Indiana bill allowing pharmacists to prescribe birth control goes to Senate committee this week
House Bill 1568 would allow pharmacists to prescribe hormonal birth control to people 18 and older without having to see a health care provider first.
It passed the state House last month and was referred to the Senate Committee on Health and Provider Services, where it’s expected to be heard Wednesday.
Democratic Representative Rita Fleming of Jeffersonville is a co-author, and started pushing for the measure several years ago. She said it will help people access contraception by taking away the hurdle of having to see a provider.
“I think it’s what we owe to women because it's a health issue, it’s a maternal mortality issue, it’s a workforce issue, it’s a state financial issue,” Fleming said.
Pharmacists who want to prescribe birth control would have to undergo training, give patients a self-screening risk assessment and refer patients to their primary care providers. The prescriptions could be good for up to six months at a time. Patients would need to visit a health care provider to get a pharmacists’ prescription for longer than 12 months.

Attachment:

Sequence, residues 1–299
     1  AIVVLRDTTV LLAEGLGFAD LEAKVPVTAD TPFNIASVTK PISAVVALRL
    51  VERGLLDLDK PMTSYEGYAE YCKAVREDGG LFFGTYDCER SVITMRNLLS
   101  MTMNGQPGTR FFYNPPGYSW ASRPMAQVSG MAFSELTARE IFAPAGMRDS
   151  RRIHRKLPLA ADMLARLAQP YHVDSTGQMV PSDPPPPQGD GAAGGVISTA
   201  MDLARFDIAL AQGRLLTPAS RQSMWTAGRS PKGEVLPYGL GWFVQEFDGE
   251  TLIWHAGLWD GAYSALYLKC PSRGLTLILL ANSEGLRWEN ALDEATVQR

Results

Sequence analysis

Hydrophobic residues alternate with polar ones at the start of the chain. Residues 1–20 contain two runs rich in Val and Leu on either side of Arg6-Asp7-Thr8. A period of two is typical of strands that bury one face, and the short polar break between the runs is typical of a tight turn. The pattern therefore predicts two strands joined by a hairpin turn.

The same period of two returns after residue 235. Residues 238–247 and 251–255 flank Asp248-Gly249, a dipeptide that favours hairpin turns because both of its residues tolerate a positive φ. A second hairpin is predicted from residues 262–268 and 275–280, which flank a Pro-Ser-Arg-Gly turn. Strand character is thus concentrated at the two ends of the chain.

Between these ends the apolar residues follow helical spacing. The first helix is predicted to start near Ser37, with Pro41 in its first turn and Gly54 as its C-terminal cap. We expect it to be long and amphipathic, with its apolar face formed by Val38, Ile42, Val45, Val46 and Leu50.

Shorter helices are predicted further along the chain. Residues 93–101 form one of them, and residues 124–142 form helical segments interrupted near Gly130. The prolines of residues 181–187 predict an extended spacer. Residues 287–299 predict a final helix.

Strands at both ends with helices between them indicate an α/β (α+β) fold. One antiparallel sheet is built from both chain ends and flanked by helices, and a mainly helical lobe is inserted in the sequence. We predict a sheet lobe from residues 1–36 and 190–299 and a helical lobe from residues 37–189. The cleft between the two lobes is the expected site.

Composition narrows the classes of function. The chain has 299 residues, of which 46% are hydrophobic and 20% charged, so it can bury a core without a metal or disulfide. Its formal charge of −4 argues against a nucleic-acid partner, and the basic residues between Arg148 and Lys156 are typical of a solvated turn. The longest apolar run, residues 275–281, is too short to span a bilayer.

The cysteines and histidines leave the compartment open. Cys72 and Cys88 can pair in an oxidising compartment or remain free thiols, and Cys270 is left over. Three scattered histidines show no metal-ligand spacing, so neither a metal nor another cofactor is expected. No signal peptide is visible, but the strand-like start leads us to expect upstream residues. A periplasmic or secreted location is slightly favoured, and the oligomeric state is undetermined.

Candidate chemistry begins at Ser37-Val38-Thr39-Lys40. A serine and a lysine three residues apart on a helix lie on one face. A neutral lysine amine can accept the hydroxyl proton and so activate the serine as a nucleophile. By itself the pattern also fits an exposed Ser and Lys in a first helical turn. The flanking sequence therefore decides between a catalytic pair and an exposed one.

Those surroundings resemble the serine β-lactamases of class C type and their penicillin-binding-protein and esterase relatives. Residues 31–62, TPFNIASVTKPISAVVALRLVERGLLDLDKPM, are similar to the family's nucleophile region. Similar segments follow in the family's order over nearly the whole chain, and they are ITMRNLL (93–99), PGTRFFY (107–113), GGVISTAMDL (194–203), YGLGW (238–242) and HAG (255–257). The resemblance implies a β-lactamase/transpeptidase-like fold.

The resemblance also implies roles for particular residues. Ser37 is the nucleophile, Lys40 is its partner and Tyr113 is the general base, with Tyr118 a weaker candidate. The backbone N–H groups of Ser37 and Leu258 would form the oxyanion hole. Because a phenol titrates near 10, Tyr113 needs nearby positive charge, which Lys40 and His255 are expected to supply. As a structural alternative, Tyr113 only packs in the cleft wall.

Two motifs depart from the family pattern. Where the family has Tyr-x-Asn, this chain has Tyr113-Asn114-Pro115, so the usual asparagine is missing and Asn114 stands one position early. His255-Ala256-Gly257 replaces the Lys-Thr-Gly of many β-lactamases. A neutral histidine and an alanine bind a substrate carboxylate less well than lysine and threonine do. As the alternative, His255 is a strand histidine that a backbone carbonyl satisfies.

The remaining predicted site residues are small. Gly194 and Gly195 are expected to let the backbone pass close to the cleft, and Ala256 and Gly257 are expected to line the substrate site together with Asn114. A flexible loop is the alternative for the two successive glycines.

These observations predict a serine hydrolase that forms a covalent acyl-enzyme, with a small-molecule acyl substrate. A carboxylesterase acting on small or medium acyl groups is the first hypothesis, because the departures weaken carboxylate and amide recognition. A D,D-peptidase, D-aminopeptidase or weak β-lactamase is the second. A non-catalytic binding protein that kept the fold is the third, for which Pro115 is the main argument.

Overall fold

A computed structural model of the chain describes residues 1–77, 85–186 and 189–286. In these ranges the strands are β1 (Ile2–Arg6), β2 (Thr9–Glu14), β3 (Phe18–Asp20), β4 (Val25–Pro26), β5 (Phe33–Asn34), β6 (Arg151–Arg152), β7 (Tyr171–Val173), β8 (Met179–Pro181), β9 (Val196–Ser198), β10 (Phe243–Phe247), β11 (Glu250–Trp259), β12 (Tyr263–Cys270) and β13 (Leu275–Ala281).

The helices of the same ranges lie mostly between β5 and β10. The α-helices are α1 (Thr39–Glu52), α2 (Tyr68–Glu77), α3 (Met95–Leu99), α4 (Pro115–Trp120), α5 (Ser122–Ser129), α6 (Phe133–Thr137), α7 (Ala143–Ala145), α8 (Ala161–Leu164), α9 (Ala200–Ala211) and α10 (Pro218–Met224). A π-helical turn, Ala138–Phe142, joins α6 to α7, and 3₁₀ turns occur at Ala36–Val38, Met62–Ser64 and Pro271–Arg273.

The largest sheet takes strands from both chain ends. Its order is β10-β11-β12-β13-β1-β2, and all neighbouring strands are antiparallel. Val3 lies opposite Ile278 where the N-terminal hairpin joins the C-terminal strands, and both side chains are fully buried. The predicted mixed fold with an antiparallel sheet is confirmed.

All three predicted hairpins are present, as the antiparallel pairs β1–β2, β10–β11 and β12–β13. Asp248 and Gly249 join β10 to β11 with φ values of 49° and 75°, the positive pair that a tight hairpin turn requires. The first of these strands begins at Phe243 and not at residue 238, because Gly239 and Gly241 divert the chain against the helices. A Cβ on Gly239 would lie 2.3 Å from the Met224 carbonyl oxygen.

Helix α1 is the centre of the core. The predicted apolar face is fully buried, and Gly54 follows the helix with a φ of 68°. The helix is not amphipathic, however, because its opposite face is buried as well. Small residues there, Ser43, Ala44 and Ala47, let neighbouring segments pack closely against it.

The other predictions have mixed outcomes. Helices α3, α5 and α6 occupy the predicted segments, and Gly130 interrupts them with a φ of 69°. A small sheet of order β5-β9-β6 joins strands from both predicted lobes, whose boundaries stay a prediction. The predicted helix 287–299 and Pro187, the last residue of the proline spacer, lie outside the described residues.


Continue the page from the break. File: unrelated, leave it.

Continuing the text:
Fleming, a retired OB-GYN, has advocated for measures to support the health of pregnant people in Indiana since she took office in late 2018. She said HB 1568 is even more important now, as the future of abortion access in the state is uncertain.
“We know that you're not going to have an abortion if you're not pregnant,” she said. “And with more than half of the pregnancies in Indiana being unintended, unplanned, one way to decrease abortions is to help women have access to birth control.”
Recent legislative attempts by Fleming and other lawmakers include House Bill 1224, which she introduced in January, but which didn’t make it past the committee stage. Fleming also tried to add similar language in an amendment to a spending bill during the special summer session last year, but it failed by one vote.
Republican Sen. Sue Glick of LaGrange also tried unsuccessfully to get the measure passed at least twice last year: once during the regular session and as an amendment to the abortion bill she authored during the special session.
The bill’s main author is Republican Rep. Elizabeth Rowray of Yorktown.
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